• (11 Apr) Note the abnormalities in the schedule next week. Mon 18 April is a holiday, and Thu 21 April has a Monday schedule. There is no discussion that week, but two lectures and our third midterm. The timing clearly limits how much material from the last two lectures (20 and 21 April) will be covered on the test.
• (10 Apr) I have answered another question on the question and answer page for HW#5.
• (6 Apr) The scale for the second midterm was A=93, B=75, C=57, D=39, F=21, with pluses and minuses as appropriate. (So 96+ is A+, 90-95 A, 84-89 A-, and so forth with six-point intervals.) The fifty scores were as follows:
• 100's: 104, 104, 104, 102, 100
• 90's: 95, 94, 92, 92
• 80's: 89, 87, 86, 86, 84, 81, 80
• 70's: 78, 76, 74, 74, 73, 71, 71, 70
• 60's: 69, 69, 69, 68, 65, 64, 63, 62, 61, 61, 60, 60
• 50's: 56, 55, 52, 50
• 40's: 46, 45, 43, 41, 41
• 30's: 39, 33, 33
• 20's: 29, 20

So the median was 69, and the mean was 68.

• (6 Apr) The scale for HW#4 (returned in lecture today) was 75=A, 70=A-, 65=B+, and so forth. (It is lower than usual because the Hasse diagram question was judged (by me) in retrospect to have been too hard.) The papers not picked up are in an envelope in the pickup box in the CMPSCI main office.
• (6 Apr) I've posted the first question and answer on HW#5 and I will add more answers as questions come in. I will try to also keep up with the Yahoo group but if you want to make sure that I see a question, email it directly to me.
• (6 Apr) The Discussion #8 solutions are up. I hope to get caught up on the other web postings tonight.
• (1 Apr) The text and solutions to the second midterm are now available.
• (1 Apr) I hope to have the midterms graded over the weekend.
• (1 Apr) I've just adjusted some of the remaining homework deadlines on the homework assignment index page. In particular, HW#5 is now up and is and due a week from Monday (11 Apr), rather than 8 Apr as it said before.
• (30 Mar) I mistakenly said on the Yahoo group that tomorrow night's exam is in the new engineering building -- in fact it is in Goessman 20, the same room as the first exam, from 6-8 p.m. -- the third midterm will be in Goessman 20 as well.
• (30 Mar) I've sent the fall 2004 exams and solutions, and the discussion solutions, by email to the yahoo group "umass12818". When the main server www.cs.umass.edu is down, as it has been frequently over the past few days, you can still get to Nadia's homework solutions at:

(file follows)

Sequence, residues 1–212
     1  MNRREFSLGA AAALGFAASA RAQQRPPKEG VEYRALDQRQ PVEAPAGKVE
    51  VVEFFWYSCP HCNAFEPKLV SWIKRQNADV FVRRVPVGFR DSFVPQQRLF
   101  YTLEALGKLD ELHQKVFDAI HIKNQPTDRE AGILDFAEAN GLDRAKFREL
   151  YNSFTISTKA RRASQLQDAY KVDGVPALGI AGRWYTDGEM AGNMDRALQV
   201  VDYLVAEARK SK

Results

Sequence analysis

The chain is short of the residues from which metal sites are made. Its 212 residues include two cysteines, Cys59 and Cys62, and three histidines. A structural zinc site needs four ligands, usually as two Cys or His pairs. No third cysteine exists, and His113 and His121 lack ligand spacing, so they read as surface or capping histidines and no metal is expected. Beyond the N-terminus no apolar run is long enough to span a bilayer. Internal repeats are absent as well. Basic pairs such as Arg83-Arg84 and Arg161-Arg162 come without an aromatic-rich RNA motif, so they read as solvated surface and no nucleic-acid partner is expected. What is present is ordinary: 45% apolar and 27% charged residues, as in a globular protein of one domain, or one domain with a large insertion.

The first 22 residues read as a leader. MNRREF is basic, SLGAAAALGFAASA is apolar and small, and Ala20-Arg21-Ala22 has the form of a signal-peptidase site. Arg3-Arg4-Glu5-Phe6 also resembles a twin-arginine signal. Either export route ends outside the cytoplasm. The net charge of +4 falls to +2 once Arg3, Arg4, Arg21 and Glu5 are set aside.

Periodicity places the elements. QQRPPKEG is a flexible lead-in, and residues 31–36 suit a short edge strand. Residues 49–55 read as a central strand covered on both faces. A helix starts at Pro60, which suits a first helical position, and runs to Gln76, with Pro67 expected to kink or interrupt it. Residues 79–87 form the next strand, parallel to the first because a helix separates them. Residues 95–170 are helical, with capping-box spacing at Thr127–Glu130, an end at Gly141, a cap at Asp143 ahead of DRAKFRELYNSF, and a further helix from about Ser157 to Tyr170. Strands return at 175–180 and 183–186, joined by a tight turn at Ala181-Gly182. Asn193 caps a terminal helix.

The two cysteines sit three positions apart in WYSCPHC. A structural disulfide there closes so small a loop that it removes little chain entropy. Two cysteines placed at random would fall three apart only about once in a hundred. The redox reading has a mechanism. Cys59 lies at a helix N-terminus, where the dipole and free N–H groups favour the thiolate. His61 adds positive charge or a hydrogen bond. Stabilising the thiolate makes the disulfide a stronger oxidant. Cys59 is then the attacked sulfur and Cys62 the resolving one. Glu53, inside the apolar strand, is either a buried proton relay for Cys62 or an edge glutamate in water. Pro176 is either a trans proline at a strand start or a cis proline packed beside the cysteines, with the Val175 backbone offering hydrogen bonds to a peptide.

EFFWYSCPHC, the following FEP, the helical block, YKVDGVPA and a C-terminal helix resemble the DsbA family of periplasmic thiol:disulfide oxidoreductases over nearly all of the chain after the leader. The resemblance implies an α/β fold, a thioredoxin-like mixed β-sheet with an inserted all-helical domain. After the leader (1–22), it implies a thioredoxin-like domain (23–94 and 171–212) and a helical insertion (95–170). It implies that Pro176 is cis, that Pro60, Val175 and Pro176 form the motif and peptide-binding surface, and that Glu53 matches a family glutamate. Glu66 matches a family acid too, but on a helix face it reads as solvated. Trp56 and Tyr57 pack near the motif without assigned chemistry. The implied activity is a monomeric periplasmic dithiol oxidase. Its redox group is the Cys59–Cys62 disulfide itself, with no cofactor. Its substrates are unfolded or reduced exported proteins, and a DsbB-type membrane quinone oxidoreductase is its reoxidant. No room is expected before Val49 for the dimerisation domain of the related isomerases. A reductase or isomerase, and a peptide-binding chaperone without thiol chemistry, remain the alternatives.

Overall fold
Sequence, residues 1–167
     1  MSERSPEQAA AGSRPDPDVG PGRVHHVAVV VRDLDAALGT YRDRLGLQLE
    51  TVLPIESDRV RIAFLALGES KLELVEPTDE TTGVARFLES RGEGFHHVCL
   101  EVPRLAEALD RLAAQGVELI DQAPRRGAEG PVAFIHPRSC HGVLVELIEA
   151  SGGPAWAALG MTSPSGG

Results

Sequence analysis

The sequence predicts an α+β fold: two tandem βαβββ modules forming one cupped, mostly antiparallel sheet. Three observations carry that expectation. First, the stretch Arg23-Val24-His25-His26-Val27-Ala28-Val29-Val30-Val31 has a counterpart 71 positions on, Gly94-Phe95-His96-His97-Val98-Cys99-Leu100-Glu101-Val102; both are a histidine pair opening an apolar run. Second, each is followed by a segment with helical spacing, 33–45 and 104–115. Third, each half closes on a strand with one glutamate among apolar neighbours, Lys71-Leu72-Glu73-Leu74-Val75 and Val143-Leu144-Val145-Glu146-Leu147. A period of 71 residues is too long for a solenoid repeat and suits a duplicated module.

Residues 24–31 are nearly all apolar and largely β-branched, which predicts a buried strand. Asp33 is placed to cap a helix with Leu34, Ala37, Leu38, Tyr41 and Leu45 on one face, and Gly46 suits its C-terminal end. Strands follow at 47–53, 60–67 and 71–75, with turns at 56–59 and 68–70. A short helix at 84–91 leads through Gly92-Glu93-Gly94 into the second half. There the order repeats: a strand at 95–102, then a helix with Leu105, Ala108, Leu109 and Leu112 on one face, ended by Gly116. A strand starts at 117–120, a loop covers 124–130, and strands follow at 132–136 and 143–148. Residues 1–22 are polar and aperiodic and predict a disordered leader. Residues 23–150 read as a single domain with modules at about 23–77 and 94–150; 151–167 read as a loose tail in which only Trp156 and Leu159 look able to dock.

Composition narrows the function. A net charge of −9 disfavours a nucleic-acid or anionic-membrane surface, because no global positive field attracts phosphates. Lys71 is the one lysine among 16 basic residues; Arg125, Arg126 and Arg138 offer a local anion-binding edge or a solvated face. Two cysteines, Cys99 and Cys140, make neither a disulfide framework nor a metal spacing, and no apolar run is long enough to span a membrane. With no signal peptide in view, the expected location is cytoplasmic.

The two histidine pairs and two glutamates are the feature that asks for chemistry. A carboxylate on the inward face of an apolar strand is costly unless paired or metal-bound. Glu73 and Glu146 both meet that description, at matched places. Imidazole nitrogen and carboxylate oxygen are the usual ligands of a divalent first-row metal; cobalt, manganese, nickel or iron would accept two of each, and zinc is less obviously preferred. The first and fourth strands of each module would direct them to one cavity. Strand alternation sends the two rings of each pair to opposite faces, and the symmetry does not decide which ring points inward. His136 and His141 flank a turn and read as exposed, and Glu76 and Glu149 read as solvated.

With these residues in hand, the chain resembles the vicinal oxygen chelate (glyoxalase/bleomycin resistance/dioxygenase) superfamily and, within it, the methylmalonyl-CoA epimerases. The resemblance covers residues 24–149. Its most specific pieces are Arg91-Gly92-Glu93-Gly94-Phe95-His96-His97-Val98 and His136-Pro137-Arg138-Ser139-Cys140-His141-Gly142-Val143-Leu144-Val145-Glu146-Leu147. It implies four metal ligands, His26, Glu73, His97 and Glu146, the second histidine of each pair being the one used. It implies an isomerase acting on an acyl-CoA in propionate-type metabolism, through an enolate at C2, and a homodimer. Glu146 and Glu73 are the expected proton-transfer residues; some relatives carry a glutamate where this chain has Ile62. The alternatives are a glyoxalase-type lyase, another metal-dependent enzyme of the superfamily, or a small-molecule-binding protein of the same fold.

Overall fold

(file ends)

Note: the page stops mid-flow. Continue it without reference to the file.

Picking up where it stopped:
mas.cs.umass.edu/~ghamrawi/250sol

This site is password protected with username "student" and password "open250".

• (30 Mar) Congratulations to the four CMPSCI students who won all four of the cash prizes in the Math department's prize exam. Second-place winner Shaohan Hu is in 250 this term, and third-place winner Daniel Arpino and fourth-place winner Jesse Winn took 250 with me last term.
• (29 Mar) I've written the exam -- the subject matter is similar to the two practice tests. Two hints: Study the solutions to the recent discussions, and do not expect any questions about dogs.
• (29 Mar) The web site was flaky again today. Please note that the problem hasn't affected my email, so you can still communicate with me in that direction.
• (28 Mar) I'm sorry that this site was unavailable over the weekend -- there were "hardware memory problems" on www.cs.umass.edu which have now been fixed (say our tech people). Nadia has written solutions for HW#4, and they are now available at her site. In retrospect, problem 4.9.4 was too hard for the assignment, though you should have a look at the solution. So the scale will probably be 80=A again, though we will decide this after they are graded.
• (23 Mar) The solution to Discussion #6 is now up.
• (23 Mar) Graded HW#3 papers were returned in class today. The scale was 80=A, 65=B, 50=C, 35=D, 20=F. High was 92, mean 54.
• (22 Mar) I just made some minor corrections in the HTML version of last fall's second midterm. Remember that our second midterm is a week from Thursday.
• (22 Mar) Did anyone pick up my copy of the textbook on Monday? It has my name in pen on the top right of the front cover...
• (22 Mar) I have posted the first three questions and answers on HW#4.